Our family goes to the children’s museum on free days. We know when the city zoo near us has reduced admission prices.  I keep my eyes peeled for free or low cost music and theater events.

10. Thrifty people shop yard sales

My children don’t care what their binders look like since they are never leaving the house with them so I purchase them for .25 cents to .50 cents each at yard sales. I also find packages of unused blank flash cards,fancy themed pencils, great nonfiction and fiction titles and sometimes even actual homeschooling curriculum.

Bonus tip: Thrifty people belong to Educents a daily deal site sharing deep discounts on educational curriculum and supplies. ( right now receive a $10 credit for signing up with Educents)

 

Thrifty homeschoolers I know there are many more ways to save money on homeschooling. I would love to hear your favorite ways to save on your families homeschooling needs in the comment section.

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Linked to Better Mom Mondays at The Better Mom, Teach Me Tuesdays at Growing Home, Hip Homeschool Hop at Hip Homeschooling Moms, WFMW at We Are That Family, WHW at Raising Arrows, The Mommy Club at Crystal &Co, WLP at Walking Redeemed, Thriving Thursdays at Serving Joyfully, Thrifty Thursdays at Living Well Spending Less, Frugal Homeschool Friday at Frugal Homeschool Family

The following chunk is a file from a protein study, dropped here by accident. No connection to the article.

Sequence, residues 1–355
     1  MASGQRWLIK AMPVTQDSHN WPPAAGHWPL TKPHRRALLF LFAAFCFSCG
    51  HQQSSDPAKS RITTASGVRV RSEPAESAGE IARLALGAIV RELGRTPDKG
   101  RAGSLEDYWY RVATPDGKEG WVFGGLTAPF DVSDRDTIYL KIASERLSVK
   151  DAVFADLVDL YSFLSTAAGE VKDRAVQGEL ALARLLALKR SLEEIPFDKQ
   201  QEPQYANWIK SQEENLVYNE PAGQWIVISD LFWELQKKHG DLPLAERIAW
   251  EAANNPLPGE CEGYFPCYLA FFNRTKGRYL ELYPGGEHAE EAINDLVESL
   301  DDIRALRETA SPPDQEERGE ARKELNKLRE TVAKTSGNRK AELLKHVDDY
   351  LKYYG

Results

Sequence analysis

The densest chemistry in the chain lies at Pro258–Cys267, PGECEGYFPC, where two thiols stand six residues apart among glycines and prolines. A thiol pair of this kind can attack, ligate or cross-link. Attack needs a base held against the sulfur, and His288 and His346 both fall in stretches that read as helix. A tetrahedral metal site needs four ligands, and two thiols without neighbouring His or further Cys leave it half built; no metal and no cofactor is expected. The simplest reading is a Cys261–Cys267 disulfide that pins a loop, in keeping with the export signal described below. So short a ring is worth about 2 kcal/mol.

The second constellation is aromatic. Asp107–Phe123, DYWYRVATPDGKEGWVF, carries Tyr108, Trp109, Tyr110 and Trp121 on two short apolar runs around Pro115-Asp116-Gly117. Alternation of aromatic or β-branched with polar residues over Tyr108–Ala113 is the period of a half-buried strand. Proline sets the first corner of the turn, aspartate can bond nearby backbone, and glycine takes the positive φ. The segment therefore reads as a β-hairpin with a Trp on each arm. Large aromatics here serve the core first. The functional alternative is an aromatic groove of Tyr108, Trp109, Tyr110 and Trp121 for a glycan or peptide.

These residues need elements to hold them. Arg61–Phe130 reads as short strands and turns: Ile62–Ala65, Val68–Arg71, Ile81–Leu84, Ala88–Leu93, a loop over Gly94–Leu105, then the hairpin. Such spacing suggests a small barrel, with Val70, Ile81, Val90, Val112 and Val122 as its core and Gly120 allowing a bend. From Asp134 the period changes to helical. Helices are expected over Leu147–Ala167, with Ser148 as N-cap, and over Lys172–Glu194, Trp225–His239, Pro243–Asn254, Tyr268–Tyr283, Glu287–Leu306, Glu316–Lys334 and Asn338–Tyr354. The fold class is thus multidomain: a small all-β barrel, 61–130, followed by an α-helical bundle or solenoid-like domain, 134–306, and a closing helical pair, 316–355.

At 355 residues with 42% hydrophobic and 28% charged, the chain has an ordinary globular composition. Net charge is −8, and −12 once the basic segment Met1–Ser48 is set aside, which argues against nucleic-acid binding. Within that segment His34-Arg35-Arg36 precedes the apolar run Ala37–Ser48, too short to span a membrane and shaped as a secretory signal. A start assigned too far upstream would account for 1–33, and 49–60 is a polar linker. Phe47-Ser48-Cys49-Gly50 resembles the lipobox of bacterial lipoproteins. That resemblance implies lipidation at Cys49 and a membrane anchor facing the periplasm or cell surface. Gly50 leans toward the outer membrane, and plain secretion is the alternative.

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Comments

  1. I would say use the library – the book resource aloe is fabulous, but many libraries are so much more than just books. They often have movies/documentaries for check out, educational presentations, art exhibitions, and more.

  2. so very true, I use many of these tips!!!!

  3. Great list of ideas for being thrifty! Thanks :)

  4. Great list! I do most of these but I will have to check out Paperbackswap. Thanks for the tips!  I’d  love to have you link this to Titus 2 Tuesday this week on Cornerstone Confessions.. I hope to see you there. 
    Kathy

    • Love Paperbackswap, especially for my oldest child whose curriculum comes with a suggested reading list of books that are not always found in our local library.

  5. Try Homeschool Freebie of the Day! Awesome.

  6. Ha, I’m laughing as I’m reading each one, going, “Yep, that’s me. Definitely done that. That too.” Proud to be a thrifty homeschooler!

  7. We use Netflix all the time. It is fabulous for history/social studies. There are so many really cool shows which can peak an interest and really fuel the fire to do some research. We have also done quite a few things with watching various movie adaptations of books after reading the novel.

  8. We definitely use the library. We do not buy any science or history curriculum. We use only library books. I B-) ought a reading curriculum at a yard sale for $5 that will last me 4 years. After that, we will use the library for reading. We also use unit studies and various worksheets we find for free online to go along with our theme for science and history.